Hardly any mention of St. Patrick's Day avoids bringing shamrocks into the conversation. Shamrocks are everywhere when we celebrate, so clearly they must have a strong connection, right?
True! Traditionally — but certainly not provably — St. Patrick used the shamrock's three leaves to teach the Irish pagans about the Holy Trinity. The three leaves represented the Father, the Son, and the Holy Spirit — the three parts of the whole.
However, Patrick does not mention the shamrock or its leaves in any of his surviving writings. It's entirely possible that the analogy was introduced later by one of his successors, but we've no evidence of that either.
The shamrock is one of the two national symbols of Ireland — the other being the harp, signifying resistance to the crown. There are alternate interpretations for why this is, among them a Celtic tradition that the shamrock's three leaves represent trust in your soul, belief in your heart, and faith in your mind — some versions shortening this to faith, hope, and love. But the Holy Trinity interpretation is the one that St. Patrick would more likely have used in his teachings.
3. St. Patrick was associated with the four-leafed clover.
Well, if St. Patrick had a connection with the three-leafed shamrock, then it would have been even luckier if he had one with the four-leafed clover as well. Is it true or false?
False! While the three leaves of the shamrock represented faith, hope, and love, that rare 1-in-5,000 fourth leaf represented luck. This is according to Irish tradition, not to St. Patrick, and not to anything that St. Patrick's Day celebrates.
There are stories that Celts or other pagans revered the four-leafed clover as a good luck charm, and by the 1600s this theme had made it into print enough times that it became a permanent Irish fixture. But it was never connected to either St. Patrick or to his feast day.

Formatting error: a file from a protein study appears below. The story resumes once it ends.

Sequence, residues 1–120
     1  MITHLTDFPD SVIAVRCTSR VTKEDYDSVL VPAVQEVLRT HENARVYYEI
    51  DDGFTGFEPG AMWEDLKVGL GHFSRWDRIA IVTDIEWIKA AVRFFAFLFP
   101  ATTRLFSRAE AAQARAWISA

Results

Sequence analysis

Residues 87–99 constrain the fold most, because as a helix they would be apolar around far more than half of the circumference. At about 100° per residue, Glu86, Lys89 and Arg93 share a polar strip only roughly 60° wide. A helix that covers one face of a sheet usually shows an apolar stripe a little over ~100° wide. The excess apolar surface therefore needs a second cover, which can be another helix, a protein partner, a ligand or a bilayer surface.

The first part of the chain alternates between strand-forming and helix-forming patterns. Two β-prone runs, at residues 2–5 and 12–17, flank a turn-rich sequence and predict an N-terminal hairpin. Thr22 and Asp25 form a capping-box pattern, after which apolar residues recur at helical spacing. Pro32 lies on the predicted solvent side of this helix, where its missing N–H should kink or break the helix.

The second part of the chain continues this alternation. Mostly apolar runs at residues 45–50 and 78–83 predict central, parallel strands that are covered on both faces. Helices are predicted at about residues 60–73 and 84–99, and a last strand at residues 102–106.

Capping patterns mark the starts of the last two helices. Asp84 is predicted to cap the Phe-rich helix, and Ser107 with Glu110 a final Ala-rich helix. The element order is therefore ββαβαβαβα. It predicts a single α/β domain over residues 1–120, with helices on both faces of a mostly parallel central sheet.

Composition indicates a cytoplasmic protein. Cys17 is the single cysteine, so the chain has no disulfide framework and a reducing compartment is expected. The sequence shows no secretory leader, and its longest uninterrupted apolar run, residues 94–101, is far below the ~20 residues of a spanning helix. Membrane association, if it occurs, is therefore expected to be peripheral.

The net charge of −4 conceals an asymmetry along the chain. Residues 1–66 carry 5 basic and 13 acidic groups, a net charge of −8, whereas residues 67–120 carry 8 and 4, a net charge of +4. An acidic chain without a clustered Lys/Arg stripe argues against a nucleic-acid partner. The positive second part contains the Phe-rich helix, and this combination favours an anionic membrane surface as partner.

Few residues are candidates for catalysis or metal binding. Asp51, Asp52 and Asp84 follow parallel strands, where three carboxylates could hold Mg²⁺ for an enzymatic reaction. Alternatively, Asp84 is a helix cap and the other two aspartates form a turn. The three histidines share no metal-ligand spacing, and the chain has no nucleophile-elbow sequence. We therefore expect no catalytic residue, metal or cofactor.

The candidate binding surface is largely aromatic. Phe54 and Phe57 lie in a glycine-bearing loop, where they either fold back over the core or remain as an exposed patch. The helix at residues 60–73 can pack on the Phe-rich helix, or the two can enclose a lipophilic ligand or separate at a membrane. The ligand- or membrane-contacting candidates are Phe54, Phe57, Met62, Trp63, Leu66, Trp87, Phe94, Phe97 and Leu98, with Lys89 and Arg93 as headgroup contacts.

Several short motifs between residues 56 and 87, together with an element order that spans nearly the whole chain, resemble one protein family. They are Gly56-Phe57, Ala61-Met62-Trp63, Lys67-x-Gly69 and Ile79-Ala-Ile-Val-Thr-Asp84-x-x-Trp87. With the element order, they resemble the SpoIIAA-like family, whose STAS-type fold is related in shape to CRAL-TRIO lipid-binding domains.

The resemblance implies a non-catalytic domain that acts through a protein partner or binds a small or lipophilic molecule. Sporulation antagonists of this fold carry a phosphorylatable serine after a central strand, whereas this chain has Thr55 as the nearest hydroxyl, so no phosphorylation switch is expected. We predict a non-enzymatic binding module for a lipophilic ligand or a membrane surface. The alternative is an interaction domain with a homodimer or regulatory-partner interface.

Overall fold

4. Leprechauns have a historical association with St. Patrick's Day.
It's clear that leprechauns have a modern association — heck, they're all over every bar serving green beer — but is it true that that association goes way back to the days of the original prayerful feasting?
False! Leprechauns are creatures from Irish folklore, but they did not appear in literature until many centuries after St. Patrick's death. They are iconic of Ireland itself, and have no connection whatsoever to St. Patrick's Day or to the man himself. Like, exactly zero connection.
There does not seem to be a single agreed-upon period in which leprechauns first appeared in folklore. Some sources give it as the 8th century, when an early Celtic work called The Adventure of Fergus featured them as small water sprites. Separately, a 12th century work called the Book of Invasions featured monsters that some consider to be the inspiration for leprechauns. Others point to an early Celtic god, Lugh, as the inspiration. The modern word and spelling "leprechaun" arose in the 19th century, and prior to that, all kinds of varying spellings and words were used referring to basically the same character.
Have your green beer and toast the leprechaun, but don't mistake him for having anything to do with the traditional St. Patrick's Day.
5. St. Patrick introduced Catholicism to Ireland.
He is the patron saint of Ireland, and one doesn't receive such an honor unless one did something pretty big and good. Like, for example, introducing Christianity to an entire island nation. Did he?
False! Christianity already existed in Ireland, and had for some time. While a majority of Irish were pagan, there were Christian monasteries for monks before Patrick ever came there. There was also a prominent bishop already in Ireland, Palladius, who died around 460. Lesser Christian clerics were also known from the period before Patrick: Auxilius, Iserninus, and Secondinas were three such men.